Background: Tumor-infiltrating lymphocytes (TILs) are a robust prognostic adjunct in invasive breast cancer, but their clinical role in ductal carcinoma in situ (DCIS) has not been ascertained. Patients and methods: We evaluated the prevalence and clinical relevance of TILs in a well annotated series of 1488 consecutive DCIS women with a median follow-up of 8.2 years. Detailed criteria for TILs evaluation were pre-defined involving the International Immuno-Oncology Biomarker Working Group. TILs percentage was considered both as a continuous and categorical variable. Levels of TILs were examined for their associations with ipsilateral breast event (IBE), whether in situ or invasive. Results: Of the 1488 patients with DCIS under study, 35.1% had < 1%, 58.3% 1-49% and 6.5% ≥ 50% peri-ductal stromal lymphocytes. The interobserver agreement in TILs evaluation, measured by the intraclass correlation coefficient (ICC) was 0.96 (95% CI 0.95-0.97). At univariable analysis, clinical factors significantly associated with TILs (P ≥ 0.001) were intrinsic subtype, grade, necrosis, type of surgery. Her-2 positive DCIS were more frequently associated with TILs (24% of patients with TILs ≥ 50%), followed by the triple negative (11%), Luminal B/Her-2 positive (9%) and Luminal A/B subtypes (1%) (P < 0.0001). We did not find any association between TILs as a continuous variable and the risk of IBEs. Likewise, when patients were stratified by TILs percentage (<1%, between 1% and 49.9%, and ≥ 50%), no statistically significant association was observed (10- year cumulative incidence of IBEs: 19%, 17.3%, and 18.7% respectively, P = 0.767). Conclusion: TILs occur more frequently in the Her-2 positive DCIS. Although we did not find a significant association between TILs and the 10-year risk of IBE, our data suggest that immunotherapies might be considered in subsets of DCIS patients.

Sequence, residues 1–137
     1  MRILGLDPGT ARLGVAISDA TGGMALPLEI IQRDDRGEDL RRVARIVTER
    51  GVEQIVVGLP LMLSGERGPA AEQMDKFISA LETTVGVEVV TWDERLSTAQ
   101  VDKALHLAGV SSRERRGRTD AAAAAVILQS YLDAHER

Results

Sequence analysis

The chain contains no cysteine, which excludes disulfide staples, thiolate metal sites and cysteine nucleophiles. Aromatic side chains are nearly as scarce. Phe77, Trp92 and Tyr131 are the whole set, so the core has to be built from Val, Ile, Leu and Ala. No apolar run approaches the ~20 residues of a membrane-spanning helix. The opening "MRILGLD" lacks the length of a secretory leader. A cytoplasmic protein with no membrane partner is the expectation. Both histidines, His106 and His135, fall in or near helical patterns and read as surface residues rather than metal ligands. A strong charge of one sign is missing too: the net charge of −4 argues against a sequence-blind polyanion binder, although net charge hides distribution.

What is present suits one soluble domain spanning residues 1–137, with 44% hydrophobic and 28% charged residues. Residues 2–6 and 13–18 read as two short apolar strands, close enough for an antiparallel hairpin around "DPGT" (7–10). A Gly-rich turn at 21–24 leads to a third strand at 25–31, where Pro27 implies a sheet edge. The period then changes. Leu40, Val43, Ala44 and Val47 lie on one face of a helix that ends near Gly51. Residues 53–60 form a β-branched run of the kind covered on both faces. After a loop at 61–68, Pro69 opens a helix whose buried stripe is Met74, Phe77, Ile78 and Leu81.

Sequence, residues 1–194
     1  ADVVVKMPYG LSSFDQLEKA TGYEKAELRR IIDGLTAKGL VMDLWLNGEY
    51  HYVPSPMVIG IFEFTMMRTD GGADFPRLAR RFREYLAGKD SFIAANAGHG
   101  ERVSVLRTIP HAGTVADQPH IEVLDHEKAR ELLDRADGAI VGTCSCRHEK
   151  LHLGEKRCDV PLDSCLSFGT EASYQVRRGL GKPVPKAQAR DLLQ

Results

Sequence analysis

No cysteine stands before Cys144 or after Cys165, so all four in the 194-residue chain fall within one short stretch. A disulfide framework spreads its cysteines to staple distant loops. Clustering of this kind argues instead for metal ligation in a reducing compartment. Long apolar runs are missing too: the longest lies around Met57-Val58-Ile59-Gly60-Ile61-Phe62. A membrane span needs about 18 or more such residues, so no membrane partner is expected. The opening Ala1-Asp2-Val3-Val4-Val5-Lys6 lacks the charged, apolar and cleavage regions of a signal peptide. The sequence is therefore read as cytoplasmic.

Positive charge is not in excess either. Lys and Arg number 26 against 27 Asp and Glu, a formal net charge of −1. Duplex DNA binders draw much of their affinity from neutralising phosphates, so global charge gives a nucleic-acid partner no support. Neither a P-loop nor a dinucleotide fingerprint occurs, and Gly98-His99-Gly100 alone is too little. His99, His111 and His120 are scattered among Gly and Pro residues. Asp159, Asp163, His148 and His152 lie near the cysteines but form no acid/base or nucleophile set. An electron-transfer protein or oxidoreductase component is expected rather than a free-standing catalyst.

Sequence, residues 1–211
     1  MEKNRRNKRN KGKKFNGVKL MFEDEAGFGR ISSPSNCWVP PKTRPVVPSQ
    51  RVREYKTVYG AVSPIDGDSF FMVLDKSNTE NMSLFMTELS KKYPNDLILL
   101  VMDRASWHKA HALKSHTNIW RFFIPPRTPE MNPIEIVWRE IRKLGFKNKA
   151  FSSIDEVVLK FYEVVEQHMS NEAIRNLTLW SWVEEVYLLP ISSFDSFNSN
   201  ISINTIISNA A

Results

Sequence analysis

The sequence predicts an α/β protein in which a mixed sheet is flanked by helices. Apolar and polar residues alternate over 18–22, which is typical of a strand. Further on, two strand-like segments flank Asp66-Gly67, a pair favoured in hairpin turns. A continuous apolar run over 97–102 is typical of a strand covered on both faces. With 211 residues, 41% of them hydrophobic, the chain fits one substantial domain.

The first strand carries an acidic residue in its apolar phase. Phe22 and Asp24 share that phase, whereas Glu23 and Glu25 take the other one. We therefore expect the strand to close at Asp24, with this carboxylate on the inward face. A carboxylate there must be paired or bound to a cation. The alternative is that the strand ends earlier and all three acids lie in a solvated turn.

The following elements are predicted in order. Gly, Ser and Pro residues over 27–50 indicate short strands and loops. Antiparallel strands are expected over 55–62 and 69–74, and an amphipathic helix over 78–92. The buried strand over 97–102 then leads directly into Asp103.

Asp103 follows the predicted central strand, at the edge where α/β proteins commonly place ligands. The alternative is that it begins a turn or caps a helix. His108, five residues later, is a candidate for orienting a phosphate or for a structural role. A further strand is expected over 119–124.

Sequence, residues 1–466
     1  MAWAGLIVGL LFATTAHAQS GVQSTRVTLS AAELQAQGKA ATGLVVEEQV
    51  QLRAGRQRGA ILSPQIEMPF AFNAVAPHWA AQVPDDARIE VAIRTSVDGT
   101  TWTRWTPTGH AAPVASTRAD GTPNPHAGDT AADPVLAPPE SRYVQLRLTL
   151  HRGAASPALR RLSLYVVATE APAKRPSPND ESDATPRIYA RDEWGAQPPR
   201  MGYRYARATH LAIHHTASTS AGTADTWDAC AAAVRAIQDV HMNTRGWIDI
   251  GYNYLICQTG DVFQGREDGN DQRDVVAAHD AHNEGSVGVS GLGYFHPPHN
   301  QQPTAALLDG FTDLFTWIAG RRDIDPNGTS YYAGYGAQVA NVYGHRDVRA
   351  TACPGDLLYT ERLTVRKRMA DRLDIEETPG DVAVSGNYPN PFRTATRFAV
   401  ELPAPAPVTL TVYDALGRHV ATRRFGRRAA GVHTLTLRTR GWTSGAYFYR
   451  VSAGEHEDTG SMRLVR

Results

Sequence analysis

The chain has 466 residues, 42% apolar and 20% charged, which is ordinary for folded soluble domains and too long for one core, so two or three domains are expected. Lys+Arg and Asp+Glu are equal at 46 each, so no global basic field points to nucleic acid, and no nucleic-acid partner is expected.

- Ductal carcinoma in situ
- Tumor infiltrating lymphocytes
ASJC Scopus subject areas